• Earning 9.5% a year on shareholders’ equity is not awful but is not exceptional either. 
  • For perspective, the same seven-year calculation for fellow portfolio member — and another commercial-equipment manufacturer — FW Thorpe is 12.7%.
  • Maybe lifting margins and returns on equity to ‘moat’-type levels requires new products such as Greenhammer, which could/should attract customers willing to pay a premium for more cost-effective drilling.
  • Revenue per employee during this H1 was €236k and gave no hints of any operational improvement either. During the seven years since flotation, revenue per employee has averaged €262k and has reached €300k only once (FY 2017).

Financials: Stock

  • Significant levels of stock remain an unfortunate balance-sheet feature.
  • Stock levels have grown from 29% (€28m) to 40% (€53m) of net asset value between FYs 2014 and 2020:
  • The proportion increased to 43% (€58m) for this H1 after MCON responded to shipping delays:

We continue to see longer shipping times from our factories to our customer centres or customers due to vessel capacity and congestion at seaports and, in some cases, shipping times have doubled over the past twelve months. This has had a direct impact on our inventory, as we have witnessed a significant increase of inventory in transit from our factories to our customer centres and unreliable dates of seaport arrivals.

During the period, we decided to invest cash into holding larger stocks of finished goods at our customer centres to ensure supply to local customers.”

  • Other companies in my portfolio typically operate with stock levels representing less than 20% of their balance sheets (vs the 40%-plus for MCON).
  • Large amounts of stock could mean a company:
    • Owns slow-moving items that carry greater risk of obsolescence;
    • Applies inefficient working practices, and/or;
    • Requires greater cash investment into extra stock to support future growth.
  • On the subject of requiring greater cash investment into extra stock to support future growth, my question to management at the (online) AGM elicited the following (paraphrased) response:

We consider inventory levels to be high, but that does reflect the wide geographical footprint the company serves. We measure stock levels by days in hand and if sales did double, then inventory would increase, but we’d expect it to reduce as measured by days in hand.

  • I am resigned to MCON operating permanently with high stock levels that are unlikely to lead to exceptional returns on equity.

Financials: Cash flow

  • The extra stock investment during this H1 meant cash conversion was poor. 
  • Net cash invested into working capital came to €6.6m, including €4.2m for extra stock and €3.3m funding prepayments for manufacturing equipment:
  • Reported earnings of €6.3m eventually converted into negative free cash flow of €1.0m. 
  • A further €2.2m spent on acquisitions/earn-outs and €4.5m spent on dividends led to a total H1 cash outflow of €7.6m.
  • But this H1’s cash absorption was typical of MCON’s general appetite for investment, whereby significant capital expenditure, extra working capital and various acquisitions have reduced net cash of €49m at the 2013 flotation to net debt currently at €8m.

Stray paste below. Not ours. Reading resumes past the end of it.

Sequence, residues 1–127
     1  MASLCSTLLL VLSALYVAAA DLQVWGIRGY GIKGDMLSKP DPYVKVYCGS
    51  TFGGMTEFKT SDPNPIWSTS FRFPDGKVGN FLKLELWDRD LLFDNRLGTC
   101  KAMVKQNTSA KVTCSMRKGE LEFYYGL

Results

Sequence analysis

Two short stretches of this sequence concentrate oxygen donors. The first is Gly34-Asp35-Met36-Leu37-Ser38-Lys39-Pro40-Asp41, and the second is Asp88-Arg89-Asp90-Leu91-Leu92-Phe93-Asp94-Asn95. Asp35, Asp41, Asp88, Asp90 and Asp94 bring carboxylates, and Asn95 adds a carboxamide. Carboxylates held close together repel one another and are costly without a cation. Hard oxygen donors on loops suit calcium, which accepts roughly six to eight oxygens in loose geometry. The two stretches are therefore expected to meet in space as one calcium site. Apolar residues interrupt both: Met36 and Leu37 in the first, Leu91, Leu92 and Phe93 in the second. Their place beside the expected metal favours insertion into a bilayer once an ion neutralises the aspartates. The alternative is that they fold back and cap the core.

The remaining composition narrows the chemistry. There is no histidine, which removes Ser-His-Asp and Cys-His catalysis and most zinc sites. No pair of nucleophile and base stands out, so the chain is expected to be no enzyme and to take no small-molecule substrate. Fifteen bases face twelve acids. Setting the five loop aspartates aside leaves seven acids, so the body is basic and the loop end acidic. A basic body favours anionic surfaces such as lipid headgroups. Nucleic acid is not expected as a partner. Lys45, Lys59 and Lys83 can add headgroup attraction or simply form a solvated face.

• Note that MCON is also on the hook for contingent acquisition earn-outs of €5.7m.
  • MCON’s cash flow may improve during the second half following the aforementioned:
    • Management talk of “strong” order books;
    • The “passing on [of] price increases“, and;
    • Improved productivity at the Shannon plant.
  • At least MCON’s books are not complicated by pension obligations.

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Valuation

  • MCON’s shares do not appear obviously cheap given the very mixed H1 progress and unspectacular financial ratios.
  • The reported €17.5m trailing twelve-month operating profit less:
    • €0.8m for debt/lease costs, and;
    • The 16% average tax applied between FYs 2016 and 2020s…
    • …gives earnings of £12.0m or 5.6p per share with GBP:EUR at 1.17.
  • Dividing the 110p share price by my 5.6p per share earnings guess gives a possible P/E of 20x. 
  • Further small adjustments could be made for the earn-outs and Greenhammer expense.
  • The optimistic rating may be supported by hopes of:
    • A general revenue/profit/margin recovery following the pandemic;
    • Further construction-market opportunities;
    • Greater direct sales of larger mining contracts;
    • Greenhammer and other development projects bearing fruit, and/or;
    • Management’s commitment to product quality ensuring one day a ‘moat’ is (re)built.
  • MCON for now remains in a protracted ‘moat-(re)building’ phase — the eventual duration and future cost of which is still unknown.
  • The share price should be somewhat higher than it is now if/when a moat is (re)built and becomes very obvious.
  • The chief executive is in his mid-50s and presumably will see his “platform for future growth” deliver that future growth before retiring.  
  • The chief exec’s father started MCON during 1977 and remains a non-executive in his 80s, so therefore long-term thinking at this business is not new.
  • Such long-term thinking is underpinned by an absence of management share dealing. 
  • The chief exec, his father and other family members own a collective 56%/£132m shareholding. No family member sold a share at the 2013 flotation, and none has sold a share thereafter.
  • Patient investors can only trust management’s plan and the group’s expenditure will one day lead to enhanced equity returns. 
  • A trailing 2.1 eurocents, or 1.8p, per share dividend meanwhile supports a modest 1.6% income (before Irish withholding taxes for UK-resident investors).
(Source: SharePad)

Maynard Paton